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Market shaping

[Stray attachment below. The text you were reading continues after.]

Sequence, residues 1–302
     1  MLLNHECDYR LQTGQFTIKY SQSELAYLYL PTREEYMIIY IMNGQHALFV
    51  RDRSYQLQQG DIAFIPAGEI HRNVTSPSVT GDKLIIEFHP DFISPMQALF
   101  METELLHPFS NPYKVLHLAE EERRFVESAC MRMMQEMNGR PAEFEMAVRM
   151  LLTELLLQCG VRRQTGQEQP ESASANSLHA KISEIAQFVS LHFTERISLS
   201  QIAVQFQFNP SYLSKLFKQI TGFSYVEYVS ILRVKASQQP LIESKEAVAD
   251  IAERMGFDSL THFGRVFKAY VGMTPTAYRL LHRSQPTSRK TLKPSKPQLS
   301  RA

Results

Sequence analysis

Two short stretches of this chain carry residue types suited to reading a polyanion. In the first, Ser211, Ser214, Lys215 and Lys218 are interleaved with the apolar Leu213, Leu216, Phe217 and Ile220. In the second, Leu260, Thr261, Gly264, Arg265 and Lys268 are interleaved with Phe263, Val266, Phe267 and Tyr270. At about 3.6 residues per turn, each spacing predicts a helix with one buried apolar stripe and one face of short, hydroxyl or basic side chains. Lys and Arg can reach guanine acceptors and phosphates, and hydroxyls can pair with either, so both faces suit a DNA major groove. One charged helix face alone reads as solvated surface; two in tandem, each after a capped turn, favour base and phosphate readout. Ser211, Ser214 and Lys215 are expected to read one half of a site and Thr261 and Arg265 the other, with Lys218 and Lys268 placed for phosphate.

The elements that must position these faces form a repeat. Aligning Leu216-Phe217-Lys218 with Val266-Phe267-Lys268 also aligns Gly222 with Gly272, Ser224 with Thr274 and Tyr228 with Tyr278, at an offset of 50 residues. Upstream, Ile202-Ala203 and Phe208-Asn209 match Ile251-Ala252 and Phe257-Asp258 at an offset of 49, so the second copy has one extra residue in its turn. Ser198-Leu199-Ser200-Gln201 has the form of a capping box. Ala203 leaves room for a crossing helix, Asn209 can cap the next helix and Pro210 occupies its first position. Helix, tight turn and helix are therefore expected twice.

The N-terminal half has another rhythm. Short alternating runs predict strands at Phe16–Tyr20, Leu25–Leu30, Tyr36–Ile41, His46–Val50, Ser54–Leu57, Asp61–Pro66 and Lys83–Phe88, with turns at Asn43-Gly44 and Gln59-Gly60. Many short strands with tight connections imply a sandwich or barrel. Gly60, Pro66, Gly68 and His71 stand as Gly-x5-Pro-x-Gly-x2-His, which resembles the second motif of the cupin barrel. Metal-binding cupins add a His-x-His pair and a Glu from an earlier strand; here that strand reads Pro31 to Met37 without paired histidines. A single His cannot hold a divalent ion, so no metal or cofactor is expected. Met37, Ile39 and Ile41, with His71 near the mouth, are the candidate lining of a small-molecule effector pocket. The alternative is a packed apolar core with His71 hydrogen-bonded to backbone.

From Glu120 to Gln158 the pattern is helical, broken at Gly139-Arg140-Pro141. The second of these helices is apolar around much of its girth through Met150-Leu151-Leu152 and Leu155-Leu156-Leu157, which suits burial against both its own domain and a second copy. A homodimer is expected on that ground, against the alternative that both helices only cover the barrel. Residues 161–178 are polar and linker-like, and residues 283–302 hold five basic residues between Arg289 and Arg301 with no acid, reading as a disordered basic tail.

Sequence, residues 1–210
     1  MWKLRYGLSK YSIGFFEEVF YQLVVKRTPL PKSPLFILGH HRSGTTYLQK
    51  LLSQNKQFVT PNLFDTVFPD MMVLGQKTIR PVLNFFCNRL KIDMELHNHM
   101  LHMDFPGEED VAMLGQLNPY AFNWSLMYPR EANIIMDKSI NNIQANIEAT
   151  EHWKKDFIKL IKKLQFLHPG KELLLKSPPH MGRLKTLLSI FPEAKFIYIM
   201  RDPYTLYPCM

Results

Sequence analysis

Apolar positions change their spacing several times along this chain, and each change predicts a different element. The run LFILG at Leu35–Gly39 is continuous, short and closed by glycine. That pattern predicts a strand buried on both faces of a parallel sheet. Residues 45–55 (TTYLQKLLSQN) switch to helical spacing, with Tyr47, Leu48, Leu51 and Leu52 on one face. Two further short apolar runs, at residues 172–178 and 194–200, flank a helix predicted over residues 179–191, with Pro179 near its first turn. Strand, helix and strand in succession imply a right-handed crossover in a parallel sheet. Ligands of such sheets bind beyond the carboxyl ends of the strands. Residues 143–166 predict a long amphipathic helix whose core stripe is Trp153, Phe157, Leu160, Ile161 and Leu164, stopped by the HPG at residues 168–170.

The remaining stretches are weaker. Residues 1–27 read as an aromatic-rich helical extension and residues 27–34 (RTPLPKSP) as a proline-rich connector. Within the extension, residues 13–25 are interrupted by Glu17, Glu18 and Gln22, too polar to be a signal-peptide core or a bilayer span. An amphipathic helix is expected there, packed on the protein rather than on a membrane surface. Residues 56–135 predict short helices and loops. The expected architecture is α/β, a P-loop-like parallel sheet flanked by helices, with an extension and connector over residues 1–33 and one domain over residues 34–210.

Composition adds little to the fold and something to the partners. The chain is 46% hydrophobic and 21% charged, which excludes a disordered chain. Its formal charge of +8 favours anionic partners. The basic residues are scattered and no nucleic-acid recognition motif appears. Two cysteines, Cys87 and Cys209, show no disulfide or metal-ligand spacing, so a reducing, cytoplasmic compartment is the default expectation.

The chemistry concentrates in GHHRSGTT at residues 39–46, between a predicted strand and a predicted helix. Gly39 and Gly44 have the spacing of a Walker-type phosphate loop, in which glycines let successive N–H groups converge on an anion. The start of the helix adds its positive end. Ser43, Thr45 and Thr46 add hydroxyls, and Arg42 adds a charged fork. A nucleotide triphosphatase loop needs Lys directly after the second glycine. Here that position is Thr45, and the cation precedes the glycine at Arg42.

“It’s not a popular opinion, but the reality is we’ll only get good quality care if we work with the private sector and recognise that they need to make a profit, that is reasonable, transparent and affordable for customers and local government.”That’s the view of James Cawley, Wiltshire Council’s Associate Director for Adult Care Commissioning, Safeguarding and Housing.Five or so years ago, Wiltshire Council set out their vision for adult social care and started talking to service providers about what they wanted. Now, under the new duties set out in the Care Act 2014, all local authorities have to act likewise.Among other things, the Care Act places responsibilities on local authorities to make sure that people have information to make informed decisions, and have a choice of quality providers.A core part of the Act is the duty it places on care commissioners to facilitate and shape a vibrant, responsive and sustainable market of service providers. It must do that by:• focusing on outcomes and wellbeing• promoting quality services, including through workforce development and remuneration and ensuring appropriately resourced care and support• supporting sustainability• ensuring choice• co-production with partners.For local authorities, this represents a move away from merely providing services to instead meeting the needs of a wider population – and presents care commissioners with enormous challenges.For example, creating choice is not simply about working with more service providers, as inevitably this simply leads to more providers offering similar services and, therefore, competing only on price – it then becomes a race to the bottom.The Care Act calls on local authorities to have a thorough understanding of the care market: what services are available in their area and what the customers want – and, perhaps as important, don’t want.Equally, local authorities must tell service providers what they require – so they can understand the needs and offer innovative solutions. Only then can the customers’ demands be met.Returning to James Cawley at Wiltshire Council, he says working in partnership with providers is key.“We partially fund an organisation which brings together care providers so we can talk about are current challenges and also what the future of care looks like.“We can have transparent conversations – what is the real cost of care? What are reasonable profits? Can you work with other partnerships to work better?“We set out to develop services that moved away from zero-hours contracts and 15-minute visits to outcomes. By setting out our stall, service providers can understand the market and spot niches – and ultimately provide a good quality care service and make a profit for themselves.”The council works with four strategic providers to deliver care and support in people’s homes. The four providers are working together now on training and key workforce issues within Wiltshire.“It does take a long time for these changes to happen,” says James, “but we’re at the stage now where we have invested in care partnerships and as a result, have better, stronger relationships. Now, instead of falling out with service providers, we can agree to disagree – and move on towards a better solution.”


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